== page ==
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And how shall we continue Claudio,
To save me from the danger that might come,
If he were known alive?
Duke. Let this be done; Put them in secret

holds,
Both Barnardine and Claudio: Ere twice
The sun. hath made his journal greeting to
The under generation, you shall find
Your safety manifested.

Prov. I am your free dependant.)

Duke. Quick, despatch, And send the head to Angelo. [Exit. Provost. Now will I write letters to Angelo, The provost, he shall bear them, whose contents Shall witness to him, I am near at home; And that, by great injunctions, I am bound To enter publicly : him I'll desire To meet me at the consecrated fount, A league below the city; and from thence, By cold gradation and weal balanced form, We shall proceed with Angelo.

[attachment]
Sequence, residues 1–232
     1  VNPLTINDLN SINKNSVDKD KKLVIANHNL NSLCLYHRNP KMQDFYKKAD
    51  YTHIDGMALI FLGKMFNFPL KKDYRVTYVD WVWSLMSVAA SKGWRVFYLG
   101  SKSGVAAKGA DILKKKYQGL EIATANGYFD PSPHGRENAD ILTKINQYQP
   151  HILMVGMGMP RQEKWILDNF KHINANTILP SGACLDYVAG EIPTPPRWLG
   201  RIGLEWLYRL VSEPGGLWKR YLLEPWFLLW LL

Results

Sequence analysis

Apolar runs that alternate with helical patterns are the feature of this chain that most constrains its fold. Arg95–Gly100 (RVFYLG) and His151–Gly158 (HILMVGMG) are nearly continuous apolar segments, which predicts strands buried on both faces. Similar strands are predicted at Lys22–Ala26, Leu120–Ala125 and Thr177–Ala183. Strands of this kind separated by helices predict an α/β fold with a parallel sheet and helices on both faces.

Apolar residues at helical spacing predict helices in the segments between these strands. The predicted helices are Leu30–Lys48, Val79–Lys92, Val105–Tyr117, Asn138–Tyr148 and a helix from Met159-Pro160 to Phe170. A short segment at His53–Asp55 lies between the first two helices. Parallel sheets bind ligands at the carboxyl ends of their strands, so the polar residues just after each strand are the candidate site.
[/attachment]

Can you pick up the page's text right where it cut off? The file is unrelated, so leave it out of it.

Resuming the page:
Re-enter Provost.

Prov. Here is the head'; I'll carry it myself.

Duke. Convenient is, it: Make a swift return; For I would commune with you of such things, That want 10 ear but yours. Prov. 'l'll make all speed.

[Exit. Isab. [Within.] Peace, ho, be here! Duke. The tongue of Isabel : She's come to

know,
If yet her brother's pardon be come hither :
But I will keep her ignorant of her good,
To make her heavenly comforts of despair,
When it is deast expected.

Enter ISABELLA.

Isab. Ho, by your leave.
Duke. Good morning to you, fair and gracious

daughter.
Isab. The better, given me by so holy a man.
Hath yet the deputy sent my brother's pardon?
Duke. He hath releas'd him, Isabel, from the

world; His head is off, and sent to Angelo.

Isab. Nay, but it is not so.

Duke. It is no other: Show yonr wisdom, daughter, in your patience. Isab. O, I will to him, and pluck out his

eyes. Duke. You shall not be admitted to his sight.

Isab. Unhappy Claudio! Wretched Isabel! Injurious world ? Most damned Angelo ! Duke. This nor hurts him, nor profits you

a jot: Forbear it therefore; give your cause to heaven. Mark what I say; which you shall find By every syllable, a faithful verity: The Duke comes home to morrow;

nay, dry